The pros and cons of buy or rent (whether stick, a mobile home or park model RV) or opt for a modile RV are definitely subject to highly variable considerations, specific to an individual's preferences and budget.
I would consider something like this
http://www.city-data.com/forum/11662607-post8.html
Commercial building with attached apartment. If in the correct area the positive cash flow from other tenants could fund your apartment. Do be careful, as "Brick and Mortar" is on the way out, so stick with a good location that has multiple SOLID tenants (like Dr, / accountants / physical therapy) lots of foot traffic and walkable residents (for when energy prices spike and we are all walking.) I personally would avoid an additional 'primary residence' that was not self supporting, I.E. I WOULD consider a primary residence that had a guest house for me and the parcel (or apartment above garage), but the primary home would be rented year-round.

I would also look into Fractional ownership and/or Shared equity. (directly with other 'principles', not with 'time share / for profit corp'.)

Last edited by StealthRabbit; 01-17-2010 at 12:56 PM..
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Old 01-17-2010, 11:57 PM
 
Location: Alaska
384 posts, read 877,168 times
Reputation: 186
Good feedback and questions - thank you.

Things I do know include:
If puchasing a place, I would not want to purchase into a manufactured or mobile home park.
If purchasing an RV:
- a Class B is too small for me
- I need space to wake up and do yoga, so I think that means a slide.
- I doubt I would "toad' -rather I might have a scooter, and rent a car when needed.
- Diesal does get better milage but whoa those are expensive and apparently finding "servicing" on the road is a bit more difficult to find. Recouping the inital outlay is unlikely from what I read.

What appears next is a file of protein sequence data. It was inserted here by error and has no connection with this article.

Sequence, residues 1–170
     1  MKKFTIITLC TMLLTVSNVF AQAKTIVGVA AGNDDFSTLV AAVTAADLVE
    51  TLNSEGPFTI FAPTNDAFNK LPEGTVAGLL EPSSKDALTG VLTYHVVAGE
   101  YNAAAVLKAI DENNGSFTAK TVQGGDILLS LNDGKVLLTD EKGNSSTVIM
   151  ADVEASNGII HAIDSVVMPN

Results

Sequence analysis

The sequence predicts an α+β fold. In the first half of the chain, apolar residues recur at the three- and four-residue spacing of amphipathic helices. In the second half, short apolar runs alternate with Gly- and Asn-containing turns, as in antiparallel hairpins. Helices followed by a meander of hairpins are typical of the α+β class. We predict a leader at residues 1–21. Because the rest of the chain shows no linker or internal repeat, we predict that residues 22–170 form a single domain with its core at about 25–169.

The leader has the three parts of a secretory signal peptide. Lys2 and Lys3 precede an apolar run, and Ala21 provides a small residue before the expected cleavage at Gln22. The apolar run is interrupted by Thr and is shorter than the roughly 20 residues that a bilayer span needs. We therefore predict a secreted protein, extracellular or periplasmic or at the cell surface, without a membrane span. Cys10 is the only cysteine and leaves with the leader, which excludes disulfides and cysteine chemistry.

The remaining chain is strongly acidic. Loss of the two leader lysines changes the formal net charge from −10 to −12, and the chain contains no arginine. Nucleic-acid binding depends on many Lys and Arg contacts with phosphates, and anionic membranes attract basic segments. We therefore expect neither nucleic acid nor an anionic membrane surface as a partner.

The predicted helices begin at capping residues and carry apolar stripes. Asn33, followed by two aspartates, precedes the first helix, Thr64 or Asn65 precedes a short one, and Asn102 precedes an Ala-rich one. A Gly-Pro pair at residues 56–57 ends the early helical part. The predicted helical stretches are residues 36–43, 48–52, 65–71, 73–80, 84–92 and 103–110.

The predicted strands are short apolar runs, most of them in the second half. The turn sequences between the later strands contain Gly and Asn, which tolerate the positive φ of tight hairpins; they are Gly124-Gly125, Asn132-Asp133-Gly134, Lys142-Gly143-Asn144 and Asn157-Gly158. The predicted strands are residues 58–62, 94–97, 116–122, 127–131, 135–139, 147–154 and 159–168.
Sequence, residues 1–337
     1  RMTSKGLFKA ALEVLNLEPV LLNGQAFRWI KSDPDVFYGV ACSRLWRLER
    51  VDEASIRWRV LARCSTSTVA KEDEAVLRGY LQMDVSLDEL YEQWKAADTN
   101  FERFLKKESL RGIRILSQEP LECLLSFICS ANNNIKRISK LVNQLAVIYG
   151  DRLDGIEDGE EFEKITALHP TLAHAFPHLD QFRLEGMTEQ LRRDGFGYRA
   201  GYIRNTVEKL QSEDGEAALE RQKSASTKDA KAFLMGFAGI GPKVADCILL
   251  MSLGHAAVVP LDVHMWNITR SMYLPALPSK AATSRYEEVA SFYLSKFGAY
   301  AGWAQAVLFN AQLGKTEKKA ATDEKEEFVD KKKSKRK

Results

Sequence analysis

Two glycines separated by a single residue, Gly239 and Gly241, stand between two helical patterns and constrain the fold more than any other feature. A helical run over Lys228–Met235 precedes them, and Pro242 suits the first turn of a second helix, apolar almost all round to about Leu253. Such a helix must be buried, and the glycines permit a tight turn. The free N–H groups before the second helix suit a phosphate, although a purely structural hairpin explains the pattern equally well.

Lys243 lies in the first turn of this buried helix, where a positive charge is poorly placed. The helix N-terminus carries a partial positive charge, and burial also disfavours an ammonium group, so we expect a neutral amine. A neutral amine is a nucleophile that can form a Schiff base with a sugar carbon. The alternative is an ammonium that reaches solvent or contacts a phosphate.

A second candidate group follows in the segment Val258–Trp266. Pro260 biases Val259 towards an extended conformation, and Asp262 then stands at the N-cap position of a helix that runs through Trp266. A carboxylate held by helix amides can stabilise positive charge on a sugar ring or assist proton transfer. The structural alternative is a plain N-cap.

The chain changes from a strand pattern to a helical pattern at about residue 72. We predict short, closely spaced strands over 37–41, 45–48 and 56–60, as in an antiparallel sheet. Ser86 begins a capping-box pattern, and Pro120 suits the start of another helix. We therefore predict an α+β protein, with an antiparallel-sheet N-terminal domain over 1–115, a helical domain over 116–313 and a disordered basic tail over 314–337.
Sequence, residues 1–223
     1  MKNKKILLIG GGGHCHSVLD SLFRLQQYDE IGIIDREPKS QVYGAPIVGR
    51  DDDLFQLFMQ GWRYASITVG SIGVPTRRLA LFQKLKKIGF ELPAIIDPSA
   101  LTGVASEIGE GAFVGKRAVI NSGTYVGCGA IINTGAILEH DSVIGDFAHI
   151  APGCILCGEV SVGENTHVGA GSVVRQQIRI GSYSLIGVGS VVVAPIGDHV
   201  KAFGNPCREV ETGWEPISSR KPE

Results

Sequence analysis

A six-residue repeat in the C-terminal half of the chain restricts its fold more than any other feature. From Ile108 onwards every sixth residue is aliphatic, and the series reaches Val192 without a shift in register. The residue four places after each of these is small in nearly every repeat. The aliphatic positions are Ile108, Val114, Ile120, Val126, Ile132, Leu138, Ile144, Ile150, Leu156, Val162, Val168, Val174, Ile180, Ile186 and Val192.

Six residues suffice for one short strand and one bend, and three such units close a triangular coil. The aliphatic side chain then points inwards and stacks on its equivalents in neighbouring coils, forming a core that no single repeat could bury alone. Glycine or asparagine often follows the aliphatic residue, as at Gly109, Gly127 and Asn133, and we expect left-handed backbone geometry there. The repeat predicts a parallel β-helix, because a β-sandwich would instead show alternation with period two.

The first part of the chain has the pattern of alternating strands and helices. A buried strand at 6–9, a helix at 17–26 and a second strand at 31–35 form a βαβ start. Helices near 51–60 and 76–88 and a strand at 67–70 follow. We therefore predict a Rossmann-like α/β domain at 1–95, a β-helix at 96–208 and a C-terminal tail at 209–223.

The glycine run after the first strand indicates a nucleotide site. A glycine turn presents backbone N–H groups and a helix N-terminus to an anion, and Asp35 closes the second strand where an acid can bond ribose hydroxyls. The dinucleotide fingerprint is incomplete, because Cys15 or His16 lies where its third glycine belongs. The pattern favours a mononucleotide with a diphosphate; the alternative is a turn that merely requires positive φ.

- Boondocking is not on the option list as it is a little too isolated for me.

I must admit the $600 fuel stop is a little daunting. I was not aware of the used "resort" option which I will look at a little more closely.

StealthRabbit - I have liked the fractional ownership or shared equity option but have given up on it - I've tried to get people to go down that path for about ten years but it seems people like to talk about this but really have a hard time making the leap. From an RV perspective, however, one benefit would be that when i am not using it my kids could use it. I do not think however, that I would do a mother-in-law space, an RV and a brick and mortar. That seems a little daunting to me.

Renting and living in an RV for an extended period is a good idea - and I will try to do that...although it is not possible where I currently live.

As for budget - I'd like to live on $3,000 or under per month. Medical is taken care of.
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Old 01-18-2010, 07:11 AM
 
Location: Tennessee
34,667 posts, read 33,667,394 times
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What if you make a choice and don't like it after a year or two? Which one is the easiest to get out of?
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Old 01-18-2010, 10:24 AM
 
Location: Sarasota Florida
1,236 posts, read 3,606,705 times
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Talking Very interesting topic !

IMHO this is a very "personal" issue depending on lifestyle and personality.

Speaking for myself only ~ I would choose to rent in a community very much like the one where Wisteria & Nancy live because it offers the opportunity to have a stable environment and make new friends. Travel is always more fun "with a friend" !!

As a single woman I would find the RV-life very stressful and daunting, unless I had a travel partner to share all aspects of travel and handling the rig.